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Public Health Student Runs International Nonprofit to Battle World Hunger
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Khoban Nasim never got to know her father. He was murdered in Afghanistan while providing preventive medical services in the war-torn country.
“It happened in 1989,” said Nasim, who was just a small child at the time. But his selfless humanitarian work as a pediatrician working with nongovernmental organizations inspired her to go into the medical field and philanthropic work.
“Connecting with my dad is a big part of why I pursue this work,” she said.
So, after working in medical research and development and as a clinical trials coordinator, Nasim decided to enter the Master of Public Health (MPH) program at the Keck School of Medicine of USC.
“The head of the biotech company where I worked was explaining what you can accomplish with an MPH, and that got me interested,” Nasim recalled. “I picked USC because I’m really drawn to global health, and the university has one of the top rankings for that field.”
Available online, the MPH offers a variety of concentrations, including community health promotion, biostatics-epidemiology, and health services and policy, in addition to global health. The program also features faculty members who bring a wealth of practical expertise to the theories and techniques they teach.
“The professors have a lot of experience working outside the United States, and that’s what I wanted in a program,” she noted.
Nasim speaks as someone who developed international experience just by growing up. Born in Pakistan, she spent much of her youth in Afghanistan before moving to the U.S. Coming of age in different parts of the world provides “a unique experience,” she said. “You have to learn the languages and the cultures just so you can adapt.”
In addition to the rest of her experiences, the MPH taught Nasim something she had not realized about the nations where she spent her formative years: “Pakistan and Afghanistan are the only countries where polio is endemic,” she said.
Awareness of the health care challenges faced by those countries and others led Nasim to create Project Yaqeen, a nonprofit organization committed to international humanitarian endeavors.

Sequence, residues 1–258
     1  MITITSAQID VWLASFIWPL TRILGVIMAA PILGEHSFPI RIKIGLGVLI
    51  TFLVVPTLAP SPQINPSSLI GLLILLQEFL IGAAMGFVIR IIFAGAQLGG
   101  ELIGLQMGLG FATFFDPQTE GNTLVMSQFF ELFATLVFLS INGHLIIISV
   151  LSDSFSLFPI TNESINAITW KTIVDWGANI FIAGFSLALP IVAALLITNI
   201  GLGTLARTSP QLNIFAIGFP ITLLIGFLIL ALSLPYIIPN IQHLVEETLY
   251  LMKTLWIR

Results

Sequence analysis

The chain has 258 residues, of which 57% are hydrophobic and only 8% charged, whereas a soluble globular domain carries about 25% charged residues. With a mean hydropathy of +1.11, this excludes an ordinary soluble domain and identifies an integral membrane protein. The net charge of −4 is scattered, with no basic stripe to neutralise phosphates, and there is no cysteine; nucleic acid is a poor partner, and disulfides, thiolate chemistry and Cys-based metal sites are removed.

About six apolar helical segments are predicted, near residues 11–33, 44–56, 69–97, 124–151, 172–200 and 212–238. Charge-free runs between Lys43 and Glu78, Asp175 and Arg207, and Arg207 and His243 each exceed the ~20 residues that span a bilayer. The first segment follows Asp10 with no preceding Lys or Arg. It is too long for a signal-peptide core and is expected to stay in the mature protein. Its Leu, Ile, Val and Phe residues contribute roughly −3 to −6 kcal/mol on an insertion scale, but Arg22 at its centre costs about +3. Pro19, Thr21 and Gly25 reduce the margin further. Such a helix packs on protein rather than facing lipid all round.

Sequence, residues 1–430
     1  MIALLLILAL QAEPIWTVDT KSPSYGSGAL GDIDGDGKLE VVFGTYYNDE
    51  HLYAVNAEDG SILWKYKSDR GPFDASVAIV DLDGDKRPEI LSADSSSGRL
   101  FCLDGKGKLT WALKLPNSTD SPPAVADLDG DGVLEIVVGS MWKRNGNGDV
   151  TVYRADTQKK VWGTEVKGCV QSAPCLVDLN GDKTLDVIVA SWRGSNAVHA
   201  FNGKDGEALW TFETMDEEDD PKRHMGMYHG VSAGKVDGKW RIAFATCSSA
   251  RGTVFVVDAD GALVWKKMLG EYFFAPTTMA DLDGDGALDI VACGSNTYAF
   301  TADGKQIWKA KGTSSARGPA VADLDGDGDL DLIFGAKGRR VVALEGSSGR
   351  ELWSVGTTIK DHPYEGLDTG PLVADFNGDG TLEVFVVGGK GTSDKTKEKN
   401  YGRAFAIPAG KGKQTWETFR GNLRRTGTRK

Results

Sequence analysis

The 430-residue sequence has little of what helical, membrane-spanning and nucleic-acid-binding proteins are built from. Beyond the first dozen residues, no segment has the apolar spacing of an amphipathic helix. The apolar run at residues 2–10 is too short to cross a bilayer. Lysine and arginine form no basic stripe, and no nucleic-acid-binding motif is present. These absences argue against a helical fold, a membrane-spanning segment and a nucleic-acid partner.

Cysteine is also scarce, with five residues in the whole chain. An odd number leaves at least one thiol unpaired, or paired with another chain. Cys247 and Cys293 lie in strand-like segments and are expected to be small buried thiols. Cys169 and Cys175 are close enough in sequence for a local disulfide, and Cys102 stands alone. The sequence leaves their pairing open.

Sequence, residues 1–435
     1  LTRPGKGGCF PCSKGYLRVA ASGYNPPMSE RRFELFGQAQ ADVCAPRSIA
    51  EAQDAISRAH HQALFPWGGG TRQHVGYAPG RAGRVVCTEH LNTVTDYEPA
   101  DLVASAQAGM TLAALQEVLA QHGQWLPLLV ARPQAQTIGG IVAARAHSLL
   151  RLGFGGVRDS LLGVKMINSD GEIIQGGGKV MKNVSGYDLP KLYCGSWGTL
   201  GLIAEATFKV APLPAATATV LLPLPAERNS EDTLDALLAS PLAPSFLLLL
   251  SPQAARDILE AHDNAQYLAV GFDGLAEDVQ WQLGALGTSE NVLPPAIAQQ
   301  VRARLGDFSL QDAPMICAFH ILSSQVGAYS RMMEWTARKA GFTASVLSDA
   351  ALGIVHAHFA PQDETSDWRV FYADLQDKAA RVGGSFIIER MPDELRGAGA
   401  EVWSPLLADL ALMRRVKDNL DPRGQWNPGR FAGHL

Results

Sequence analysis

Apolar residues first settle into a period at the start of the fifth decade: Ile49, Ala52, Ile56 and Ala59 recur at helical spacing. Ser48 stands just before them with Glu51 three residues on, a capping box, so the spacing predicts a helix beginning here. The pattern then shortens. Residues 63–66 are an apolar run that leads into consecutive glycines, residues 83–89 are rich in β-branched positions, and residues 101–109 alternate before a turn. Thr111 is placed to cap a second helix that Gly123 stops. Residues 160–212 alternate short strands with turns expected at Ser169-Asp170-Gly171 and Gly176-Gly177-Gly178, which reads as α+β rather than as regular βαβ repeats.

“Yaqeen translates to ‘certainty,'” she said of the Arabic term, which definitely applies to her devotion to enhancing lives.
The enterprise began by trying to save just one life: “It was a malnourishment case, and I was trying to get funding for baby formula,” Nasim recalled. “We had a baby formula shortage in the U.S., so you can just imagine how bad the situation is in poor countries.” The little girl, who weighed only 2.5 pounds, ultimately passed away. But Nasim’s humanitarian resolve only became more certain.
Project Yaqeen has since grown to help feed nearly 3,000 people in one year alone. In addition to aid provided to Afghanistan and Pakistan, Nasim has also worked with people from around the world to raise resources for those affected by the devastating 2023 Turkey-Syria earthquake.
“I just want to help however I can and with whatever connections I have,” she said.
Those connections now include her MPH professors and fellow scholars.
“I enjoy being part of a close cohort of students who are all passionate about health, science and humanitarian work, but who also come from different backgrounds and perspectives,” Nasim said.
While impressed by all the program’s offerings, she found the course “Overcoming Real World Challenges in Global Health” and the mentorship of its instructor, Mellissa Withers, to be especially impactful.
“I’m very thankful for Dr. Withers,” Nasim said. “She has been a great support throughout the program.”
Another key mentor is Heather Wipfli, who directs the USC Global Research, Implementation and Training Lab and is overseeing Nasim’s practicum. Part of her global health concentration includes 260 hours in a practicum, and Professor Wipfli has conducted much of her own work Uganda and Kenya.
Nasim is assisting Wipfli on a photovoice project aimed at preventing drownings in Uganda. Nearly 1,200 Ugandans die from drowning each year, although the nation’s outmoded record keeping makes accurate statistics hard to track.
“Uganda is surrounded by a lot of lakes and rivers, and the project is happening at 20 different sites,” Nasim noted.
Photovoice uses the universal language of photography to bridge linguistic and cultural divides in fomenting positive change. Since it is a relatively new research methodology, Nasim has appreciated the opportunity to learn about the technique that can build an understanding of “the different types of health-related problems in other parts of the world.”
As children face the highest risk of drowning, according to the World Health Organization, the practicum also speaks to Nasim’s dedication to helping young people.
“One of my biggest concerns is the infant mortality rate,” she said. “It’s a huge problem — especially in lower-income countries.”
After earning her MPH, Nasim plans to attend medical school and become a physician. While she always held the desire to enter the world of medicine, “learning at USC that I could make a difference in global health was definitely a happy surprise.”
As she continues striving to save and enhance lives, Nasim said she will be guided not just by the knowledge developed through the MPH program, but also by how her faculty inspired her.
“It’s like I heard Dr. Withers say,” Nasim recalled: “It would be a shame if we didn’t use the resources and connections that we have to help people” — including those we may never meet.
Learn more about the Master of Public Health (MPH) online program today.
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